Shaun Murphy was beaten in this year’s World Championship final by Mark SelbyDates: 23 November-5 December Venue: York Barbican Coverage: BBC One, BBC Two, BBC iPlayer, BBC Red Button, BBC Sport website and mobile app.Follow the UK Championship on the BBC
Shaun Murphy said “amateurs should not be allowed in professional tournaments” after suffering a shock first-round exit from the UK Championship, losing 6-5 to China’s Si Jiahui in York.
Murphy, who was the UK champion in 2008, forced a deciding frame after falling 5-1 behind, but 19-year-old amateur Si kept his cool to win.
“I am going to sound like a grumpy old man but that young man shouldn’t be in the tournament,” said Murphy.
“It is not fair, it is not right.”
Si fell off the main tour at the end of last season and entered the 128-man tournament in York as an amateur top-up in the field.
He looked as if he had blown his chance, having surged in front only to miss the final blue in the seventh frame.
Murphy, beaten in the World Championship final by Mark Selby earlier this year, hit back by winning four frames in a row – but a missed blue of his own from the penultimate red cost him the match, which finished close to midnight.
An angry Murphy vented his fury afterwards by telling BBC Radio 5 Live: “I feel extremely hard done by that I have lost to someone who shouldn’t even be in the building.
“I don’t know why we as a sport allow amateurs to compete in professional tournaments. This is our livelihood. This is our living. We are self-employed individuals and not contracted sportsmen. We don’t play for a team.
“The other 127 runners and riders in the tournament, it is their livelihood too. It is wrong, in my opinion, to walk into somebody who is not playing with the same pressures and concerns I am.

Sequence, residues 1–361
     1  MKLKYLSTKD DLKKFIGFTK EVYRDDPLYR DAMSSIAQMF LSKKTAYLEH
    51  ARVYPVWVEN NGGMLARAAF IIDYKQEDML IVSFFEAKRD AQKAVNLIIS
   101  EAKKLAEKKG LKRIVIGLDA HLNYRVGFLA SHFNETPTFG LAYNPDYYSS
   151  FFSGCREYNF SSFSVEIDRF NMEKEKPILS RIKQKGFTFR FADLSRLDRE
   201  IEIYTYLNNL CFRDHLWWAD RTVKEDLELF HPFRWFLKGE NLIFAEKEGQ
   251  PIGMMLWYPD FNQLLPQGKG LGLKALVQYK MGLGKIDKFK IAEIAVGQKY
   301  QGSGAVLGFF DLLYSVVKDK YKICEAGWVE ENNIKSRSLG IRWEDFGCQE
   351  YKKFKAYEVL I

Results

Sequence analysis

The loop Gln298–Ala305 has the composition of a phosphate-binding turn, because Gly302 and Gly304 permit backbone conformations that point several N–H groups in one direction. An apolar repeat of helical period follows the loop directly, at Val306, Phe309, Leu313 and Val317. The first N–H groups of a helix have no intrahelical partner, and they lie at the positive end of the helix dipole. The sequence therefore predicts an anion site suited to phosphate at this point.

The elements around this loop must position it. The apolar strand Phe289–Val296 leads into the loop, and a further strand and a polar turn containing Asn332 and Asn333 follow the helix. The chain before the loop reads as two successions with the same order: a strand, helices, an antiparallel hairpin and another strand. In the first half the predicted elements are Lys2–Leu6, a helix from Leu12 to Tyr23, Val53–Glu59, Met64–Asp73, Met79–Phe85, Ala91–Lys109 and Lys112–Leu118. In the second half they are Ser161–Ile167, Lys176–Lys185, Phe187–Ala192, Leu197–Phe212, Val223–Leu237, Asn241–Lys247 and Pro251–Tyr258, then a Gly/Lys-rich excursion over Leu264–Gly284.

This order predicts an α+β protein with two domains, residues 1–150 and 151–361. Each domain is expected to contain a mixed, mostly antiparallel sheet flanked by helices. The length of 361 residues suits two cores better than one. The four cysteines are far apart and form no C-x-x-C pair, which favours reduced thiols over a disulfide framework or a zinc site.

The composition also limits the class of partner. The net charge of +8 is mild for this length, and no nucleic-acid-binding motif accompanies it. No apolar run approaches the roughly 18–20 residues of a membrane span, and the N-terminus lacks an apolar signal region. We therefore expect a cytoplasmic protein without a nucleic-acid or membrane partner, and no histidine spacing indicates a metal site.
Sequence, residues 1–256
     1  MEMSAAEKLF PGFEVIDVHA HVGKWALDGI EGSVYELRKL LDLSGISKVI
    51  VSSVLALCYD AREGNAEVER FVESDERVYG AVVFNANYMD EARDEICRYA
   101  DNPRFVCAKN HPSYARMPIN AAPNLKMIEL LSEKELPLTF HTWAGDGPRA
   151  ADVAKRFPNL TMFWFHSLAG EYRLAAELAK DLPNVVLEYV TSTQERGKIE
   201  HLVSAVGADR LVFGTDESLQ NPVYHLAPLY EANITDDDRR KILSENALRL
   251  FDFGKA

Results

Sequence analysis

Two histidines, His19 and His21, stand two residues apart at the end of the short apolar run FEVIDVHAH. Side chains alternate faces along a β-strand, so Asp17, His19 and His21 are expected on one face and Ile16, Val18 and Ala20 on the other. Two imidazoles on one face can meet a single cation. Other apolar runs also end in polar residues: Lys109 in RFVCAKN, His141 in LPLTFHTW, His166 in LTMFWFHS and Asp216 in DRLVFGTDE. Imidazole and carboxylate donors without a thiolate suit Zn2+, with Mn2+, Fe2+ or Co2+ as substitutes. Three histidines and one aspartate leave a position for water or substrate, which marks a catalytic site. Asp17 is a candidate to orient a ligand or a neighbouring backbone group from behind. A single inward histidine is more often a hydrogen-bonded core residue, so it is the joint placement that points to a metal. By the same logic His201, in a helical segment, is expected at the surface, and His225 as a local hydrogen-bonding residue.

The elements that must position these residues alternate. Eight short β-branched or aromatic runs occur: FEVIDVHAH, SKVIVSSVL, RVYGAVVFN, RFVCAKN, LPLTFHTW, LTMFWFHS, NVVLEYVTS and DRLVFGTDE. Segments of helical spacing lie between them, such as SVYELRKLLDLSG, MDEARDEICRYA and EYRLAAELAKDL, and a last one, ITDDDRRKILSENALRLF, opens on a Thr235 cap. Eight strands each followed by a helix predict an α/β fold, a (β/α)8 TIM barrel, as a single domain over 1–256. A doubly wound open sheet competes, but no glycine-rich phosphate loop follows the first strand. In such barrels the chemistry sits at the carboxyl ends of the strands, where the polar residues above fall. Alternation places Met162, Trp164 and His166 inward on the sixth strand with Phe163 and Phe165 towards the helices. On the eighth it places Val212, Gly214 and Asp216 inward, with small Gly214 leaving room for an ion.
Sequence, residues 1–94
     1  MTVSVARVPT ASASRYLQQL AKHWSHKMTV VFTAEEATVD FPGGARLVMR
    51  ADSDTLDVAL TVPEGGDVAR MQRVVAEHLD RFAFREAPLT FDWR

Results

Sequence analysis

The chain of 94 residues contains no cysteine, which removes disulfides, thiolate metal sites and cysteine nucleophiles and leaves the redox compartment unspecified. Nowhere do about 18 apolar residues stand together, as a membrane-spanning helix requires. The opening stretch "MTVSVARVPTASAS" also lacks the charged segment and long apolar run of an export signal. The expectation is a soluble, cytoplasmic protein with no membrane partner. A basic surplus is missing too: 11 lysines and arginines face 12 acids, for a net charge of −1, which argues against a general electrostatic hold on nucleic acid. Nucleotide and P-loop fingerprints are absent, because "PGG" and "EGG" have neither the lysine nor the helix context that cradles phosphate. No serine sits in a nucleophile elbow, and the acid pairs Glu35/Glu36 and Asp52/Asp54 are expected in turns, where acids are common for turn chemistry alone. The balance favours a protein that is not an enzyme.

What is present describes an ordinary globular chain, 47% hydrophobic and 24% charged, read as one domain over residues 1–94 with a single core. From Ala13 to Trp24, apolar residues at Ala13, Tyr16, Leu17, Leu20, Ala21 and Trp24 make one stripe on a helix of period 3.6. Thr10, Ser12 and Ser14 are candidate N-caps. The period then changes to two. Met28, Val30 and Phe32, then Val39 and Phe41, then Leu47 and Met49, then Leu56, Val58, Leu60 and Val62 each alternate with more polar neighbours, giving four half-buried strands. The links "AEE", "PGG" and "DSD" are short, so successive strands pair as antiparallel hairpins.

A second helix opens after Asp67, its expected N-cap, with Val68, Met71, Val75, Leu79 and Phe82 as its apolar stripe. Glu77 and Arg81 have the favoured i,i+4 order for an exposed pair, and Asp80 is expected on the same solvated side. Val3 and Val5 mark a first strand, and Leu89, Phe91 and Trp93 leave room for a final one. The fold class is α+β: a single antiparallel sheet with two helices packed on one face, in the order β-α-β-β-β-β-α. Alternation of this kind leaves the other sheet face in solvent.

“He played like a man who does not have a care in the world, because he does not have a care in the world. It is not fair, it is not right.
“I am not picking on him as a young man, he deserved his victory. Amateurs should not be allowed in professional tournaments, the end.
“This is our livelihood. This is how I put food on the table. This is how I earn money. Since turning professional at 15, I have earned the right to call myself a professional snooker player. He hasn’t done that. He shouldn’t be on the table.”
Wins for Higgins and Wilson
Three-time champion John Higgins completed an emphatic 6-1 victory over Cypriot amateur Michael Georgiou.
Scotland’s Higgins was in sublime scoring form, making two centuries and further breaks of 60 and 55 to advance – a strong response from a player who came into the tournament on the back of a 10-4 hammering by Judd Trump last Sunday in the Champion of Champions final in Bolton.
Higgins said: “Michael is a ranking tournament winner and knows what it takes.
“The draw could have been easier but he did not play anywhere near to his standard and struggled a bit, which was helpful for me.”
World number five Kyren Wilson made breaks of 71 and 56 to take early command of his match but he was pegged back to 3-2 by Iran’s Soheil Vahedi before further runs of 110 and 86 helped send him through 6-2.
It was a significant victory for Wilson as he bounced back from being whitewashed 6-0 by Trump in the Champion of Champions event.
Wilson said: “I didn’t really play for a couple of days after Bolton. I was in an eight-ball pool event in Yarmouth instead so that was a bit of fun.
“It released a few shackles. I had a few beers and enjoyed myself with some good friends.”
Grace back to ‘scrubbing tables’ after win
Meanwhile, world number 40 David Grace defeated Peter Devlin 6-2 to end a five-match losing streak and earn £6,500, his first prize money on tour since August.
But he was ready to return to cleaning practice tables at the Northern Snooker Centre in Leeds on Wednesday.
“I will be back scrubbing the tables at 7:30am. I am looking forward to my alarm going off at 6:20am,” he said.
“I never saw any reason to pack it in. It suits my routine, gets me out of bed on a morning and it is good for the club that there are professionals keeping the tables to a high standard. It is a bit of money too, so I am grateful for that.”
Scotland’s Stephen Maguire, the champion in 2004, earned a comfortable 6-3 win over amateur Sanderson Lam, compatriot Anthony McGill thrashed Ukrainian teenager Iulian Boiko 6-0 and China’s Zhou Yuelong, who reached the semi-finals last year, advanced with a 6-1 win over compatriot Chen Zifan.
Source by www.bbc.co.uk